ICE detainees are three-quarters of infected inmates at Nye County Detention Center
Immigration and Customs Enforcement detainees make up 23 of the 30 COVID-19 cases reported in the Nye County Detention Center this week, an ICE spokesperson has confirmed.
The cluster means the jail - which houses county inmates and immigration detainees - has more cases among inmates than have been reported in the entire state prison system.
Frustrated community members and immigrant rights organizations that warned about the spread of the virus among inmates say the outbreak was preventable and want to see more changes made to mitigate the situation.
“We warned of this moment locally, alongside our national allies calling to #FreeThemAll,” said the Arriba Las Vegas Workers Center in a statement shared with The Nevada Independent Thursday night. “The COVID-19 crisis in the Nye County Detention center is the result of blatant disregard for human life and general health and safety precautions.”
Community members and organizations, including the workers center, have called for the release of ICE detainees from detention centers, but ICE spokesperson Paige Hughes did not say whether the federal agency is considering that.
“ICE makes custody determinations every day on a case-by-case basis, in accordance with U.S. law and Department of Homeland Security policy, considering the merits and factors of each case while adhering to current agency priorities, guidelines and legal mandates,” Hughes wrote in an email to The Nevada Independent.
Nye County entered into a 287(g) program with ICE last year, an agreement that fosters collaboration between the federal agency and state and local law enforcement to detain undocumented immigrants. The program also allows local law enforcement officers to perform limited immigration enforcement functions, typically reserved for federal officers.
The agreement with the county is a jail enforcement model, which allows deputized officers to inquire about citizenship when someone is arrested on state or local charges and may place detainers on people suspected to be subject to removal, according to the American Immigration Council.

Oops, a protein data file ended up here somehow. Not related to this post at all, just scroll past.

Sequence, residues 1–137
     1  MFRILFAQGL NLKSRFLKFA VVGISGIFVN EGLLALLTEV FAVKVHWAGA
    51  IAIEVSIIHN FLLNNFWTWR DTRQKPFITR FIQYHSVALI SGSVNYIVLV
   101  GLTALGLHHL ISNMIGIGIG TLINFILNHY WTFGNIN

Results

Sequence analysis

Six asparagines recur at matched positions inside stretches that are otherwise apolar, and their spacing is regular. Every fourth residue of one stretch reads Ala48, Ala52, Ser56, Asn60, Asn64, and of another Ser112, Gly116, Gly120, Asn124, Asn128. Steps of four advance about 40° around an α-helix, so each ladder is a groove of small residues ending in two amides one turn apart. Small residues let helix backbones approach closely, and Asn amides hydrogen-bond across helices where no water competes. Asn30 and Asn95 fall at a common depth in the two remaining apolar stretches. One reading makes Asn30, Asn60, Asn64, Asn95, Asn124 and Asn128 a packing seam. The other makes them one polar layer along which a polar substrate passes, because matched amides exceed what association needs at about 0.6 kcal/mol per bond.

The program has been in the sights of many human and immigrants rights groups like the Progressive Leadership Alliance of Nevada and the American Civil Liberties Union of Nevada. The program was terminated for the Las Vegas Metropolitan Police Department by Clark County Sheriff Joe Lombardo in October last year.
Nye County Sheriff’s Office responds to the outbreak
The Southern Nevada county of about 46,500 people has seen an increase of 50 COVID-19 cases since Tuesday. 30 of the cases are concentrated in the Pahrump Nye County Detention Center and another seven cases are in the Tonopah Sheriff’s Office Detention Center, which only houses 21 inmates.
The Nye County Detention center is the larger of the two and holds 128 inmates, of which 64 are immigration detainees.
Nye County trails just behind Carson City and Elko County for the highest number of COVID-19 cases in Nevada’s smaller counties, with a total of 182 cases reported Friday.
While the origin of the outbreak is uncertain, it is likely the virus was spread by facility employees.
“One of our medical staff tested positive and one of our detention staff tested positive and then it was downhill after that,” Nye County Sheriff's Office Captain David Boruchowitz said.
He added that the first employee tested positive more than two weeks ago.
The detention center is in lockdown in response to the outbreak, meaning inmates are not released in large groups but are instead rotated out of their pods, or groups of cells, to complete services in the facility.
A pod can contain one to 32 inmates at a time.
Other measures the detention center in Southern Nevada has put in place include increased cleaning and sanitizing and continuing to quarantine symptomatic and COVID-19 positive inmates, said Boruchowitz.
“Obviously the hope is to mitigate further and prevent any additional positives,” he said.
These measures don't satisfy the Arriba Las Vegas Workers Center, which has demanded:
- Immediate release of all ICE detainees in Nevada who are not subject to mandatory detention and an accelerated review of the cases of those currently subject to mandatory detention.
- An immediate halt to all ICE enforcement actions, including transfer of detainees between any Nevada detention facilities, and any out-of-state facilities, including, but not limited to, Purgatory Correctional Center in Utah.